Mustard had the pleasure of speaking with Hana Bryanne. Together we discussed being an emotional brunette, songwriting process, teeth, their latest single “Visions”, and so much more!

1. Mustard is grateful to have you join them at Music Shelf. How are you doing today? 

Thanks for having me, Mustard. I’m doing well! Currently coming at you from a train between San Francisco and LA. 

2. Mustard wonders what your relationship with music was growing up?

There was always music in my house as a kid. My mom plays the piano and has a beautiful singing voice, and my sister and I both danced ballet since the time we could walk. My parents were always playing Bruce Springsteen, Joni Mitchell, Patti Griffin and country radio when I was little. I started to develop my own tastes when I was 8 or 9, and got an iPod shuffle for Christmas. 

3. You consider yourself an emotional brunette. Is this common among all human beings with brunette hair?

I do call myself an emotional brunette. I’ll confess, I’m not sure I even know exactly what it means, or maybe I just couldn’t explain it. It’s a calling. You either get it or you don’t. Emotionally, I’m a brunette. 

4. Some humans get anxious or nervous about sharing their feelings. How does songwriting help you express yours?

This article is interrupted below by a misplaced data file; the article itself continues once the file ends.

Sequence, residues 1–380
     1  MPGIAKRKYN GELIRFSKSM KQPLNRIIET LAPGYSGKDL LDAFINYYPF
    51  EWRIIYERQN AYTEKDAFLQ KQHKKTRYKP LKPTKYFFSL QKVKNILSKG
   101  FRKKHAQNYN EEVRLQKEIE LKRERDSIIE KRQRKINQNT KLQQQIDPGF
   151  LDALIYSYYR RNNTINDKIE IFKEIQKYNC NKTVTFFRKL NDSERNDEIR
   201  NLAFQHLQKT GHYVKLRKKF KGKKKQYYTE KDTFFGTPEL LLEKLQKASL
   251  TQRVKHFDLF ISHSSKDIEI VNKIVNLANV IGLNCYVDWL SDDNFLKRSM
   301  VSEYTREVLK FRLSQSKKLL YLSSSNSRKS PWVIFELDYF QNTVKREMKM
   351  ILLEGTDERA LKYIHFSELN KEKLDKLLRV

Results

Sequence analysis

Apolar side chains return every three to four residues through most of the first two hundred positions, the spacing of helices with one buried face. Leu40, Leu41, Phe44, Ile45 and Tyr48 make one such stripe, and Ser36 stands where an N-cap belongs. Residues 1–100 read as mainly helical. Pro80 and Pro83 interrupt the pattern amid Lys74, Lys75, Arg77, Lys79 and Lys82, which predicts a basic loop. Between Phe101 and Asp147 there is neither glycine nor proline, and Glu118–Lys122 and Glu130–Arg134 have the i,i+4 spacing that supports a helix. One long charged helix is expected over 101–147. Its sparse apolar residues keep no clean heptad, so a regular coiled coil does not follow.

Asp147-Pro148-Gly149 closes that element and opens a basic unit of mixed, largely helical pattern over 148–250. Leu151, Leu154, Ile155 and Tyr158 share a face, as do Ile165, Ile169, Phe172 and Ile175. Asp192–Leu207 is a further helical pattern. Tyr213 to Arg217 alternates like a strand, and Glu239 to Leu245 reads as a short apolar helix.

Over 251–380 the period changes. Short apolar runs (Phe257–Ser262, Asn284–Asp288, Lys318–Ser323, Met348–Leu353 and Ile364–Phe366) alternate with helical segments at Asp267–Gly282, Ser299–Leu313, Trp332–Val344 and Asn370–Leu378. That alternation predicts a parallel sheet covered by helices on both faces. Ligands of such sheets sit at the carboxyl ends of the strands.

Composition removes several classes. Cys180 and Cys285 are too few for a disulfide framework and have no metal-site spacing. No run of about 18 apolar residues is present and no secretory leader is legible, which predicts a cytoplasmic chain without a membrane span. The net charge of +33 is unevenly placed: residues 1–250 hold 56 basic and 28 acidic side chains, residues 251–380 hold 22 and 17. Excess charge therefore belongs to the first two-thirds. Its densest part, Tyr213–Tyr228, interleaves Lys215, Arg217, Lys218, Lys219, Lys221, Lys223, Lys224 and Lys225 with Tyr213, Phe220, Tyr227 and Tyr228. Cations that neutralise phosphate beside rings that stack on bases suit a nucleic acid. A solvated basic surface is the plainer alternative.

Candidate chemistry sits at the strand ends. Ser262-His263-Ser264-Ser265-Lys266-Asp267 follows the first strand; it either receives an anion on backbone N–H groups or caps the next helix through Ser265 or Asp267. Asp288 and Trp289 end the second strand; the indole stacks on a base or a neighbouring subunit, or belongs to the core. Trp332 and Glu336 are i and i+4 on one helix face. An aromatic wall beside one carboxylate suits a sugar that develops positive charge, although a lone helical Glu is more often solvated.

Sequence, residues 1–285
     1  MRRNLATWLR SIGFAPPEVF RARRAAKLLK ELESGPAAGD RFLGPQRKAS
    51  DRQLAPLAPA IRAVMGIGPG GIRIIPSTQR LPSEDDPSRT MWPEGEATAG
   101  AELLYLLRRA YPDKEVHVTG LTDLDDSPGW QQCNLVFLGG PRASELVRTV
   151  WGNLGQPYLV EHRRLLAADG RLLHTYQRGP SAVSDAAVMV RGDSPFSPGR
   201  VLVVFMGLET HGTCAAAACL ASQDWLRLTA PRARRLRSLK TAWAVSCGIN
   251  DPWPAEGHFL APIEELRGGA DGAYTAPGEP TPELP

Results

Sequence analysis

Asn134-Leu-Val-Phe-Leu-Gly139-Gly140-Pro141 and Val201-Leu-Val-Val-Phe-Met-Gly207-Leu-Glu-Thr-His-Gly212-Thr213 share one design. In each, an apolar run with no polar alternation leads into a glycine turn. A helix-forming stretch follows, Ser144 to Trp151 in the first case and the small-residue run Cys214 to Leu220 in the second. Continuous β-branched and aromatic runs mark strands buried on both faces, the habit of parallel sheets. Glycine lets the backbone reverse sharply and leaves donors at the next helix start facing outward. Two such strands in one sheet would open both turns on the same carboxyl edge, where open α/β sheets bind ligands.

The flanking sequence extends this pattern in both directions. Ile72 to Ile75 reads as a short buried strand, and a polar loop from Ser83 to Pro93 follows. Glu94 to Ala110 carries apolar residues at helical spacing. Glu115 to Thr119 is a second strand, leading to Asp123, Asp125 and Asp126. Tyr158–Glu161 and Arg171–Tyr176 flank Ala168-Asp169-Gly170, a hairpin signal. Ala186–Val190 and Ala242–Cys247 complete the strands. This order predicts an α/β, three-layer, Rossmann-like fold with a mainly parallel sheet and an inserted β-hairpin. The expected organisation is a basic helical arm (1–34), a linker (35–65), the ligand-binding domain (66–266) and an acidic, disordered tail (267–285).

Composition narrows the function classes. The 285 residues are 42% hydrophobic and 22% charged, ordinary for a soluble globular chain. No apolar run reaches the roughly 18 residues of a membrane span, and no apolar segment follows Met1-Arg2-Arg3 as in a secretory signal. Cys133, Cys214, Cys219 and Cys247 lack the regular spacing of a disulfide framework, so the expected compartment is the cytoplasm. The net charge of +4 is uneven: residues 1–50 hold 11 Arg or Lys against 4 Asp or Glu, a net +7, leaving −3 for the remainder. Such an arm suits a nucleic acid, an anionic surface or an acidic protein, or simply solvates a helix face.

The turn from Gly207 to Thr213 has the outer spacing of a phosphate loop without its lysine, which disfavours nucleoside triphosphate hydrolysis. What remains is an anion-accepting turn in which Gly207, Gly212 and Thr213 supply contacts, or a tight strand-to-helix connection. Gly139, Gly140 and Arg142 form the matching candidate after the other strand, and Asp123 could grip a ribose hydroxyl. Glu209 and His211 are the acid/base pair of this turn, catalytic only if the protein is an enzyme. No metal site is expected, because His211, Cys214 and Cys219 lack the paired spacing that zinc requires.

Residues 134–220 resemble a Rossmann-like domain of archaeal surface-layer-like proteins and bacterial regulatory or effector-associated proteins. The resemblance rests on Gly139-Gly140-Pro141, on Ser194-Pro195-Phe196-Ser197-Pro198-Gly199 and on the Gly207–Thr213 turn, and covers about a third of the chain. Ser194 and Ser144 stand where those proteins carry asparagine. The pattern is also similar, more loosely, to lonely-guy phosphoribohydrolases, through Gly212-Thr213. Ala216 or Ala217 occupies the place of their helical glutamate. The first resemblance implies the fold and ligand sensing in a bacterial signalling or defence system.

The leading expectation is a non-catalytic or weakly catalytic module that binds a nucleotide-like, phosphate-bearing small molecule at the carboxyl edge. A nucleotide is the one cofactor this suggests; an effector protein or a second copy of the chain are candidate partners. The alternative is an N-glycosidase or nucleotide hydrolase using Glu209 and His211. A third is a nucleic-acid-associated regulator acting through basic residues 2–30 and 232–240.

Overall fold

I definitely find I can be vulnerable in my songs in a way I can’t elsewhere. What I like about songwriting is it feels like a distillation of a particular emotional moment, a vignette of all the things I was feeling at one time or another. Memory is so fallible, but songs last forever. 

5. Is there a song or album that had a significant impact on you?

Too many to count. Most recently, probably Soul Journey by Gillian Welch. A cover of Look at Miss Ohio by Miranda Lambert played all the time on the country radio my dad and I listened to in the car, and then I completely forgot about that song until I was about sixteen and living in New York for the first time. Someone played on a bill with me at a show and covered that song, and it reignited something in me. I listened to that song on repeat, all summer long. I was miserable in New York, so Gillian’s words really held me. I have “I wanna do right/but not right now” tattooed on my shins. 

6. Who or what influences you?

Lots of things. I love to read, personal essays especially. Joan Didion is one of my favorites. I love Bourdain, too. I think personal essays parallel my songwriting style more than any other kind of writing. A lot of my songs start as poems, but my favorite ones start as essays. 

7. What is your songwriting process?

Like I said, a lot of my songs start as poems. Often, I’ll have a melodic idea and kind of mutter it into my voice memos wherever I am (the grocery store, the shower, the car). Then they really come to fruition when I get the chance to sit down with my guitar on my floor. Tears are often involved. 

8. You’re based in Los Angeles. How does the city of angels help influence your work? Do you have a favorite spot in Los Angeles?

I haven’t lived here long, so I don’t think I’ve written my “LA album” yet. In terms of favorite spots, I adore spending time by the LA river. Love the beach. Bar Moruno has great Spanish food. The Ruby Fruit is an excellent lesbian wine bar. There’s so many good places. 

9. You have a tattoo of a tooth. What do you teeth symbolize to you? Would you recommend all humans floss and brush?